Today is a dually celebrated holiday in North America. While Columbus Day was actually on October 12, it is observed as a federal holiday on the second Monday of October in the United States, making today the official day in 2013. While Columbus really didn’t discover America, he has a holiday named for him. At the same time it is Thanksgiving Day in Canada. Canadian Thanksgiving is one of the most popular Canadian holidays but little is known about it outside Canada.
Origins of Canadian Thanksgiving may be more aligned with European tradition than American traditions. Festivals of harvest were long celebrated in Europe, and native peoples on the North American continent celebrated changing seasons and harvest thousands of years before any Europeans landed in North America.
The first documented North American Thanksgiving celebration may have taken place when English explorer Martin Frobisher arrived in Newfoundland in 1578. He was seeking a Northwest Passage through waterways to shorten the trade and travel distance to Europe and Asia. Although European explorers were beginning to circumnavigate the globe, there still was not extensive understanding of the size or geography of the North American continent.
Frobisher wanted to give thanks for his safe arrival to the New World. On his third voyage, Frobisher headed to the Frobisher Bay area of Baffin Island in the present Canadian Territory of Nunavut, He set out with the intention of starting a small settlement. His ships encountered ice, horrible weather, and other maladies. Eventually survivors gathered and the voyage’s preacher summoned the group to be thankful for their survival.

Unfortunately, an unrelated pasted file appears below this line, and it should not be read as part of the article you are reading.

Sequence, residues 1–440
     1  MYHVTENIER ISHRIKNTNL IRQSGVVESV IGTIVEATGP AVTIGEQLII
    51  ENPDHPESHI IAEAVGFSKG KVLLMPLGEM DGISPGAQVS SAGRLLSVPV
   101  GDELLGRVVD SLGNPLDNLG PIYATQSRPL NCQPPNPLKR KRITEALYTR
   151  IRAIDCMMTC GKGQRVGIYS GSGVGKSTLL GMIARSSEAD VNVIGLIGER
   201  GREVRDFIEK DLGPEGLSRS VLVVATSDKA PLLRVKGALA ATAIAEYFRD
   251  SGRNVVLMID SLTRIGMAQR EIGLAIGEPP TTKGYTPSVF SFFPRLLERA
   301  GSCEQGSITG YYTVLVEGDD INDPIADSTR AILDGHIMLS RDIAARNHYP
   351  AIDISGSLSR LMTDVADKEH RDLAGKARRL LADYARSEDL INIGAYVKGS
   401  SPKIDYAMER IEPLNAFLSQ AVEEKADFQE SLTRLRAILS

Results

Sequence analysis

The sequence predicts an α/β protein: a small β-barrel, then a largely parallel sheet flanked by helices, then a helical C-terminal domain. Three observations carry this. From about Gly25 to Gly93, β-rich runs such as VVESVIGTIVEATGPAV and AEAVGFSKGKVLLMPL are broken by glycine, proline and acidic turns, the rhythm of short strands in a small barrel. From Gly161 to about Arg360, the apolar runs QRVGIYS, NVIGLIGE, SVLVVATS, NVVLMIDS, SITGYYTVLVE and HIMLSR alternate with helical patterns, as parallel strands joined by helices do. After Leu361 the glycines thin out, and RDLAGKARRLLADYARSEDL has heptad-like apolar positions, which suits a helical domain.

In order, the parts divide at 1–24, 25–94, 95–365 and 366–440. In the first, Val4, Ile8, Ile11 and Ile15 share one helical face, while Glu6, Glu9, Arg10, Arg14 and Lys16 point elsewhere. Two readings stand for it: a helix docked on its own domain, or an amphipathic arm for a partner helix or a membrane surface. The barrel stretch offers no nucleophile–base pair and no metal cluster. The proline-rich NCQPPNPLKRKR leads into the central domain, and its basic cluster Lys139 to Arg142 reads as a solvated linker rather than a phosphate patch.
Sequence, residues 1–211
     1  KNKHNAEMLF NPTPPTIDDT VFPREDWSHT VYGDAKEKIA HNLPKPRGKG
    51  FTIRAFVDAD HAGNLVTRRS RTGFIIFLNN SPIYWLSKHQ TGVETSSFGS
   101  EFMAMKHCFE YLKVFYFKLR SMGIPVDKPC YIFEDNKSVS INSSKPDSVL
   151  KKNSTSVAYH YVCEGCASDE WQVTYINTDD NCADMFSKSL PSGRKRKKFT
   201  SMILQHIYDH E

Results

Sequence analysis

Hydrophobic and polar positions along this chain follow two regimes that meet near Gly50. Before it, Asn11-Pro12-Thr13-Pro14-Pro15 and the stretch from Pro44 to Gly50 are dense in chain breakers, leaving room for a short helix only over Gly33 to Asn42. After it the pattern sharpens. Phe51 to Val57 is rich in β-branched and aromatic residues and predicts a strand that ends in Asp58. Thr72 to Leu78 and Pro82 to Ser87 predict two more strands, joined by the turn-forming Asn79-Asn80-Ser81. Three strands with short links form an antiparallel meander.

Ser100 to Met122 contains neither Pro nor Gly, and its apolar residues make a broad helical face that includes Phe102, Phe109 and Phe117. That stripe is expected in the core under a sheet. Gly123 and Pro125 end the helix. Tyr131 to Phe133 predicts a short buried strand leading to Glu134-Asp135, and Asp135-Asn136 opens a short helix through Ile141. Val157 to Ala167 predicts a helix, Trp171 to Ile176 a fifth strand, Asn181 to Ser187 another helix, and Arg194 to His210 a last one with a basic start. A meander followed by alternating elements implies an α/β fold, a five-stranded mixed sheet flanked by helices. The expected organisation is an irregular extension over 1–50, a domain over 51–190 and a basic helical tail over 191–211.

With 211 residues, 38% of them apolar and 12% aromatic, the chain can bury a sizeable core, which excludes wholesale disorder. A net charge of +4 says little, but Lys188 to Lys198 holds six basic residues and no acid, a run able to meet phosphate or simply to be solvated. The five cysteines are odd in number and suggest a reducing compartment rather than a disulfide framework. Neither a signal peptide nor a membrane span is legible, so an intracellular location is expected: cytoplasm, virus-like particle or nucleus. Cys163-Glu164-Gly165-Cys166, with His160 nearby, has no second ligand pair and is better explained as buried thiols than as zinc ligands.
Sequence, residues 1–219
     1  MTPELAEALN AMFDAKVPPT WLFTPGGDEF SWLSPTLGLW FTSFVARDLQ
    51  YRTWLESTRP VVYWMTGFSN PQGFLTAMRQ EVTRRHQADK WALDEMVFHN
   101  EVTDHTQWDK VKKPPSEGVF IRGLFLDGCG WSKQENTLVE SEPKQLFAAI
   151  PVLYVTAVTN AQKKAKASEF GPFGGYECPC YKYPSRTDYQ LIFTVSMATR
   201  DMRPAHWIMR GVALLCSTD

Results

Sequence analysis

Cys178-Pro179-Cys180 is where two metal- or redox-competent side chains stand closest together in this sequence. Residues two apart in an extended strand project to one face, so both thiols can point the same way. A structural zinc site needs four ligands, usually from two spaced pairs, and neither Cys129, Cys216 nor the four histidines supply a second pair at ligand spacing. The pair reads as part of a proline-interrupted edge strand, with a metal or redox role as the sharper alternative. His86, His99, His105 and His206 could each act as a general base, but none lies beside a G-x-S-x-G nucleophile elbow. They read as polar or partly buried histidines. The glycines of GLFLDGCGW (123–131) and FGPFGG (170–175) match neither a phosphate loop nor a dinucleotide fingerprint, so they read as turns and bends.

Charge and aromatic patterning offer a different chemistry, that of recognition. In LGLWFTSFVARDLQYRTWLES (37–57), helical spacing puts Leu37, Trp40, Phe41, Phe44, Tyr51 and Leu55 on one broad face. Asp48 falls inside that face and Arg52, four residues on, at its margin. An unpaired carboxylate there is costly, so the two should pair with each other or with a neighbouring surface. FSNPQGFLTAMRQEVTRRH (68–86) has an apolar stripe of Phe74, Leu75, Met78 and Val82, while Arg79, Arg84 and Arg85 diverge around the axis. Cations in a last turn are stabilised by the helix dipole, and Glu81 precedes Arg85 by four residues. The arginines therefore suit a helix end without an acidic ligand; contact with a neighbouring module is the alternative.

French settlers, having crossed the ocean and arrived in Canada with explorer Samuel de Champlain, in 1604 onwards also held huge feasts of thanks. They even formed the Order of Good Cheer and gladly shared their food with their First Nations neighbors. Both these celebrations predate the American version commemorating the arrival of the Pilgrims in Plymouth, MA by many years.
Canadian Thanksgiving was celebrated either in late October or early November for hundreds of years until an official date was designated in 1879 as a national holiday. But then on January 31, 1957, Canadian Parliament announced that on the second Monday in October, Thanksgiving would be "a day of general thanksgiving to almighty God for the bountiful harvest with which Canada has been blessed." Thanksgiving was moved to the second Monday in October because after the World Wars, Remembrance Day (November 11th) and Thanksgiving kept falling in the same week.
Most of Canada automatically celebrates Canadian Thanksgiving as a statutory holiday, but it is optional in the Eastern provinces of Prince Edward Island, Newfoundland and Labrador, New Brunswick, and Nova Scotia.
Geography also plays a key role in Canada’s Thanksgiving falling in mid-October rather than late November. Canada is located primarily north of the 49th parallel. Because of the different climate, harvest arrives earlier than in the United States. Since Thanksgiving for Canadians is more about giving thanks for the harvest season than the arrival of the Pilgrims, it seems logical to celebrate the holiday in October.
Thanksgiving traditions are similar in both countries. Family gatherings, parades, huge meals, endless football games, and other fall related activities dominate celebrations.
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